Addiction and substance use-related challenges can affect anyone. Every day, four people die from an overdose in B.C., and it’s something we need to recognize as a serious public health problem.
Addiction affects people from all walks of life; whether it’s a coworker, a family member, or a friend. Often, people living with addiction suffer in silence due to the shame and blame associated with substance use.
The solution is far more complicated than “just stop doing drugs,” as many people who suffer from years of deeply rooted physical and emotional pain use substances to cope with trauma. It’s rarely just one thing, but a combination of issues that can lead to addiction.
It’s time to start having open, honest, judgement-free conversations about addiction and substance use. Starting this kind of conversation may not be easy, but opening the door can help make it easier for a loved one to reach out for help when they are ready. It is a crucial first step that you can take together.
Here’s how to start the conversation.
Timing and place
Make sure you are both free of distraction and are not feeling tired or rushed. Avoid starting the conversation if you are upset, angry, or otherwise in an emotional or fatigued place.
Choose a location that feels comfortable for the person and make sure your phone is switched off so you will not be interrupted. Some people may also find it easier to engage in conversation when they are moving, in which case it may help to go for a walk to talk things over.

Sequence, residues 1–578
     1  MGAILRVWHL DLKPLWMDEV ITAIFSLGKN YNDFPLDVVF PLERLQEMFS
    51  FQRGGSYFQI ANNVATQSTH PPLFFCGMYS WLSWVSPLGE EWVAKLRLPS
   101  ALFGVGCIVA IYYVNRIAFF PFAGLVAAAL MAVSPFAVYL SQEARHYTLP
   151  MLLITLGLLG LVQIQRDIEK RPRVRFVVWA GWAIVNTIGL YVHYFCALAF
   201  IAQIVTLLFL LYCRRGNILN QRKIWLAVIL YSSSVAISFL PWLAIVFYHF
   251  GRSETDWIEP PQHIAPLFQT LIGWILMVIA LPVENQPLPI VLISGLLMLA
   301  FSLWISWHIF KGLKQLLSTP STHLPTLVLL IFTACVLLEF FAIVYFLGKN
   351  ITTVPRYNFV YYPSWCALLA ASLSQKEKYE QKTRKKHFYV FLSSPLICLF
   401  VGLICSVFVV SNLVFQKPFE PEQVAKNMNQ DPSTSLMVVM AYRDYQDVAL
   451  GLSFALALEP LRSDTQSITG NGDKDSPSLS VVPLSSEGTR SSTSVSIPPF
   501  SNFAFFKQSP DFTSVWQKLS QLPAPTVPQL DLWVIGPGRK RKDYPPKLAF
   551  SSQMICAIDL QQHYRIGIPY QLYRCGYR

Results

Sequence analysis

Educate yourself so you are able to answer any questions — if you don’t know the answers, offer to look for them together. Learn about the common substances used, as well as important harm reduction services such as naxolone, supervised consumption sites, overdose prevention sites, and drug-testing services. It’s important to avoid preaching and exaggeration, as this may lead to a loss of trust.
Words and language matters
The type of language you use to describe people who use substances and the conditions associated with addiction can either play a supportive role in overdose prevention or lead to guilt and isolation among people who use drugs. It’s important to emphasize that people are more than their addiction or substance use.
Negative language may make people feel alone and more likely to use drugs alone which will make them less likely to access lifesaving programs and services. Using people-first, judgement-free language can help save lives.
Keep calm and focused
It’s very important to keep your voice calm and avoid an accusatory tone which may isolate the person even more. If you feel that you may have a negative reaction to the conversation, delay it until you feel ready.
Focus on letting the person know you care about them, and have ongoing conversations. Don’t give up. The most important thing is to continue to share that you care about the person, and to treat them with compassion and respect.
Remember that the conversation is not about you. Be a good listener, listen without judgement or blame, and give the person room to take part and ask questions, and respect their opinions. Be prepared to meet the person you’re talking to where they’re at and work together to understand the risk of using drugs.
This information is not intended to take the place of professional medical care.
If you or someone you know needs substance use support, contact your family doctor or dial 811, a free telephone resource that provides 24/7 non-emergency advice and support.
Visit StopOverdoseBC.ca for more information.